[Taxacom] Usefulness vs. convenience (Protista)
rjensen at saintmarys.edu
Sun Dec 19 13:50:40 CST 2010
Zack and Kleo,
Seems to me that the usefulness of a classification is a function of what the user wants to know. If one is primarily interested in knowing hypothesized evolutionary relationships, then a classification designed to show that is preferable. But, if one's primary interest is in knowing, for eample, which species of oak is most likely to be confused with the species I am interested in, then the best classification may be one that is based on overall similarity (dare I raise the spectre of phenetics?). When I correspond with botanists who are trying to make sure the specimens they have are correctly identified, they don't care about sister species or clade relationships; they want to know how to differentiate between, e.g., Q. rubra, Q. shumardii and Q. texana, which probably are not a three taxon clade in the genus.
As I see it, we taxonomists often do our discipline a disservice by ignoring what non-taxonomist users want or need. There is no reason why we should demand that our classifications reflect *only* evolutionary relationships and the rest be damned! Clearly, evolutionary relationships are important for our understanding the history and diversity of life. But these are hypothesized relationships based on particular algorithms chosen by investigators who have a particular view of how evolution proceeds. I can't avoid a feeling of deja vu - these were much the same criticisms leveled at numerical taxonomists and they apply to modern cladistic approaches as well (e.g., numerous posts by Zander and others).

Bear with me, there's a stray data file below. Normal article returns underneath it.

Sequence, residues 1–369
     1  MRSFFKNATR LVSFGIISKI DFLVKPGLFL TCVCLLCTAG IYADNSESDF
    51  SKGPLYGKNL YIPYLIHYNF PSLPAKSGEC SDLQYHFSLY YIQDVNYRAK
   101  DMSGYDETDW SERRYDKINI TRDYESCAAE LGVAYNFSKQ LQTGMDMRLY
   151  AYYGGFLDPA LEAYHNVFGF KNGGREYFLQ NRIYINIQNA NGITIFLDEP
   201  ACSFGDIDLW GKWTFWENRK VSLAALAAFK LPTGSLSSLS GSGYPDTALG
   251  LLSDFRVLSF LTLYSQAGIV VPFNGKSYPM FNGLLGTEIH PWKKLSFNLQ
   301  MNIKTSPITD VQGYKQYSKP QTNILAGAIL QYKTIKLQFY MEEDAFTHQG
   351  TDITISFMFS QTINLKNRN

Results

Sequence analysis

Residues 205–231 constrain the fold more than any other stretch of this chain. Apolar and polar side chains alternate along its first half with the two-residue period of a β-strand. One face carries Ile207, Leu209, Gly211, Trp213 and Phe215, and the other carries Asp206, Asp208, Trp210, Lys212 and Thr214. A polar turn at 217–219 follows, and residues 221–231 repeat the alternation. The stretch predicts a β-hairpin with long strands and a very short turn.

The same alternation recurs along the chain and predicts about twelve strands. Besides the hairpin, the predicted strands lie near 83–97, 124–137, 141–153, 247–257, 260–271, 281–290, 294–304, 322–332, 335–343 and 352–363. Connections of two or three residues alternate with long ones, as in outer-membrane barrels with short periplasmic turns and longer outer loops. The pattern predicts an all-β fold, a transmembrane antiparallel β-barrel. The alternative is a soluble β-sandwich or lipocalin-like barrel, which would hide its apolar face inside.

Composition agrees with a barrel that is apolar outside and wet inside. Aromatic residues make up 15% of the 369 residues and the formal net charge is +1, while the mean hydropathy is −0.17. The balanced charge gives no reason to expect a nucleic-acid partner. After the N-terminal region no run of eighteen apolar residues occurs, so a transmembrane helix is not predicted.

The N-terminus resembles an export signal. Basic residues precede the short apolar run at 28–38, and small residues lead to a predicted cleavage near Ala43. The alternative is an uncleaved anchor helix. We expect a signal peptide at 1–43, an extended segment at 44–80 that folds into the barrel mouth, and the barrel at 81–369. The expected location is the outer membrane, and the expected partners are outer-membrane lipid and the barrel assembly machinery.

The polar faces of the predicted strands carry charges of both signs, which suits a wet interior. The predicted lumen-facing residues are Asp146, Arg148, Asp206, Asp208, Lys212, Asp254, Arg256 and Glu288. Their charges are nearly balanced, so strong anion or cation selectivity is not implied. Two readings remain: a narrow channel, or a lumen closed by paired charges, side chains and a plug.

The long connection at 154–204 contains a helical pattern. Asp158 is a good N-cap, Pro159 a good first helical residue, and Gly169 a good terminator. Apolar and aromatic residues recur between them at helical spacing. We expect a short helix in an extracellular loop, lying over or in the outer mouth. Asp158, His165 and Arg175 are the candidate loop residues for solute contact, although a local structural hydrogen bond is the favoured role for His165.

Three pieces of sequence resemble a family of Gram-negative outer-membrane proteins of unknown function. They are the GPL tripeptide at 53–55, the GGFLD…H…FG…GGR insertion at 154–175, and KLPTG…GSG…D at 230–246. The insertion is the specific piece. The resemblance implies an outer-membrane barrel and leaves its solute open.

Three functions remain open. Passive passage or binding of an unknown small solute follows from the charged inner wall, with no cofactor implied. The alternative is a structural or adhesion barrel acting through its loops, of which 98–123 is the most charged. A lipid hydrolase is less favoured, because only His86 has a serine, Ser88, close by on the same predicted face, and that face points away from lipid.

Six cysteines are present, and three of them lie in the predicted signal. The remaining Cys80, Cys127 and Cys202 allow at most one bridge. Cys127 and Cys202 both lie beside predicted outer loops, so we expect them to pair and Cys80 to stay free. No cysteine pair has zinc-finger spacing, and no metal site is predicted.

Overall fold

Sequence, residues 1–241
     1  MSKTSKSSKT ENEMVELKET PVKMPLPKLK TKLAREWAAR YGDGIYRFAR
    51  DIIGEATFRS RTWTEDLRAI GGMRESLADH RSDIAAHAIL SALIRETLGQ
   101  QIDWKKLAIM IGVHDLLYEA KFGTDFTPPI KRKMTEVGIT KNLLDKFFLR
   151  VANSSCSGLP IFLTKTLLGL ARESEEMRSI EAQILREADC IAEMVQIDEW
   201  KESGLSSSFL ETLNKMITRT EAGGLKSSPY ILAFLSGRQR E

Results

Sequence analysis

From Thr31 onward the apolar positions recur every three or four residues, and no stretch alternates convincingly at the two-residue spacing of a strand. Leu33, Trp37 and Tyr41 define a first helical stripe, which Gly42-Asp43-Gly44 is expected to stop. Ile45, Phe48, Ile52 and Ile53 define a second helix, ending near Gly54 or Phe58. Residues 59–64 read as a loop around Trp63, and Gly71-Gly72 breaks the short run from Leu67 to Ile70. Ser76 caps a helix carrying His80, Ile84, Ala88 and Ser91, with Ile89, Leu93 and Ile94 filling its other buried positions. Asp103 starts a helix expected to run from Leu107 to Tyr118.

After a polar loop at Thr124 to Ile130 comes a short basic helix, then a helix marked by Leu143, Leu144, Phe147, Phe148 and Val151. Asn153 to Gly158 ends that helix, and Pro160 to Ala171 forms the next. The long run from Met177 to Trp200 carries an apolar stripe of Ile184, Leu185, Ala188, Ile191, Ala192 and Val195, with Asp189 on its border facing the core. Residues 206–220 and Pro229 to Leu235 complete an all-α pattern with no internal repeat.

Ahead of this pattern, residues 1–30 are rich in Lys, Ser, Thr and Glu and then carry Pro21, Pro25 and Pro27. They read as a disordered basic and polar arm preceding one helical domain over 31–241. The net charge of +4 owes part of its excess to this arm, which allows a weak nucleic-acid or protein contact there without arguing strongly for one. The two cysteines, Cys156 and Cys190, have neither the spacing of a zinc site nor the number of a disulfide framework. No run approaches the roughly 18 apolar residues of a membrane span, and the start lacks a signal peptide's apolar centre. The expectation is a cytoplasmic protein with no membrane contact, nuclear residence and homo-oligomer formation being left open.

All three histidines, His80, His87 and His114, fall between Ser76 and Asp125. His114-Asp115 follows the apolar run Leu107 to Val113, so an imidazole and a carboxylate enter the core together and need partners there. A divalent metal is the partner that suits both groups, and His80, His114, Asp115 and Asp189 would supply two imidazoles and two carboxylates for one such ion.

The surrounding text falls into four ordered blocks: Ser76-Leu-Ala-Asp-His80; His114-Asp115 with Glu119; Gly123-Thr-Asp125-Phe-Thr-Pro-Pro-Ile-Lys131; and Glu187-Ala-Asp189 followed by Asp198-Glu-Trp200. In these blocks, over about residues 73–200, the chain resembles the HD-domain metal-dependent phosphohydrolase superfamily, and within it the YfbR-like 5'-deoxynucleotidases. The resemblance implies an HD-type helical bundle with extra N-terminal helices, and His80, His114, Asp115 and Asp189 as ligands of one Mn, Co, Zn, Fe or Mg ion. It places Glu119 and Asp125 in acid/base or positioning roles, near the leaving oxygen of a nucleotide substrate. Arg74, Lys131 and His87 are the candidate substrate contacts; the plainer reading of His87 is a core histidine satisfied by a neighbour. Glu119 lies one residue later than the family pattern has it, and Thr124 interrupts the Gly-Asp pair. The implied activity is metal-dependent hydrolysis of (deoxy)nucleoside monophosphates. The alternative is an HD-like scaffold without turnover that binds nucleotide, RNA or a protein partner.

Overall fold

----- Original Message -----
From: murrellze <murrellze at appstate.edu>
To: Kleo Pullin <kleopullin at pacbell.net>
Cc: taxacom at mailman.nhm.ku.edu
Sent: Sun, 19 Dec 2010 14:10:00 -0500 (EST)
Subject: Re: [Taxacom] Usefulness vs. convenience (Protista)
I can't answer your questions, but I am struck by the usefulness of this
discussion in pointing out that 1) classifications are most valuable
when they reflect our knowledge of evolutionary history and 2) the
Phylocode is the best way we currently have to reflect evolutionary
history in a classification system.
The Linnaean classification system is woefully inadequate, as
demonstrated in this discussion thread. Why are we attempting to
classify life in the 21st century without including our understanding of
the "tree of life"?
Kleo Pullin wrote:
> I have a few questions about this discussion:
> 1. Why/how/for what is Protista more useful or convenient?
> 2. And what is the difference between usefulness and convenience--this thread is titled "Usefulness vs. convenience?"
>>> As for rhodophytes (and glaucophytes),
> Cavalier-Smith includes them in a very broad Kingdom Plantae. Others
> have left them in Protista, but included green algae in Plantae (making
> it equivalent to Viridiplantae).
> 3. Who has left rhodophyta in the Protista?
> Kleo Pullin
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